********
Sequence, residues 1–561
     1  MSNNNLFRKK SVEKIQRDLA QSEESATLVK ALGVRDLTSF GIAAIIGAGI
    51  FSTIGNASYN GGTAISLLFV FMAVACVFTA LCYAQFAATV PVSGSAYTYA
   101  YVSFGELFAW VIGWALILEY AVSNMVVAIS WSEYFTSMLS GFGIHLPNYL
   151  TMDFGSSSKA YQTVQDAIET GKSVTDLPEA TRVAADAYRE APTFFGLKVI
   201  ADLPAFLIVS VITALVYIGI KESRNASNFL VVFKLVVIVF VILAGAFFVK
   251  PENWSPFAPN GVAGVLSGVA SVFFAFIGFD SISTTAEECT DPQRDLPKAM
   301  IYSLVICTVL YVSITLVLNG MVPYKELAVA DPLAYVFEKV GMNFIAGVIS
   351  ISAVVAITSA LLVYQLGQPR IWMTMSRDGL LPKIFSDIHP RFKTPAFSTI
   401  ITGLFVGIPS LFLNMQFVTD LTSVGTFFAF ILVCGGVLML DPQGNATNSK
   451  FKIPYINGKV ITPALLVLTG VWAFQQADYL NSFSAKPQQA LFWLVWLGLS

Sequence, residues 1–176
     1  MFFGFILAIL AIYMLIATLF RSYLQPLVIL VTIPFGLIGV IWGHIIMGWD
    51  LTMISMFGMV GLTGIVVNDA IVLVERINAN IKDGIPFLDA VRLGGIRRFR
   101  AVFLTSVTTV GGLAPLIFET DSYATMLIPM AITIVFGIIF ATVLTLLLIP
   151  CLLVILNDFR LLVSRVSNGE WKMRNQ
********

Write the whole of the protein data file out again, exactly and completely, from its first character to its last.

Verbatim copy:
Sequence, residues 1–561
     1  MSNNNLFRKK SVEKIQRDLA QSEESATLVK ALGVRDLTSF GIAAIIGAGI
    51  FSTIGNASYN GGTAISLLFV FMAVACVFTA LCYAQFAATV PVSGSAYTYA
   101  YVSFGELFAW VIGWALILEY AVSNMVVAIS WSEYFTSMLS GFGIHLPNYL
   151  TMDFGSSSKA YQTVQDAIET GKSVTDLPEA TRVAADAYRE APTFFGLKVI
   201  ADLPAFLIVS VITALVYIGI KESRNASNFL VVFKLVVIVF VILAGAFFVK
   251  PENWSPFAPN GVAGVLSGVA SVFFAFIGFD SISTTAEECT DPQRDLPKAM
   301  IYSLVICTVL YVSITLVLNG MVPYKELAVA DPLAYVFEKV GMNFIAGVIS
   351  ISAVVAITSA LLVYQLGQPR IWMTMSRDGL LPKIFSDIHP RFKTPAFSTI
   401  ITGLFVGIPS LFLNMQFVTD LTSVGTFFAF ILVCGGVLML DPQGNATNSK
   451  FKIPYINGKV ITPALLVLTG VWAFQQADYL NSFSAKPQQA LFWLVWLGLS

Sequence, residues 1–176
     1  MFFGFILAIL AIYMLIATLF RSYLQPLVIL VTIPFGLIGV IWGHIIMGWD
    51  LTMISMFGMV GLTGIVVNDA IVLVERINAN IKDGIPFLDA VRLGGIRRFR
   101  AVFLTSVTTV GGLAPLIFET DSYATMLIPM AITIVFGIIF ATVLTLLLIP
   151  CLLVILNDFR LLVSRVSNGE WKMRNQ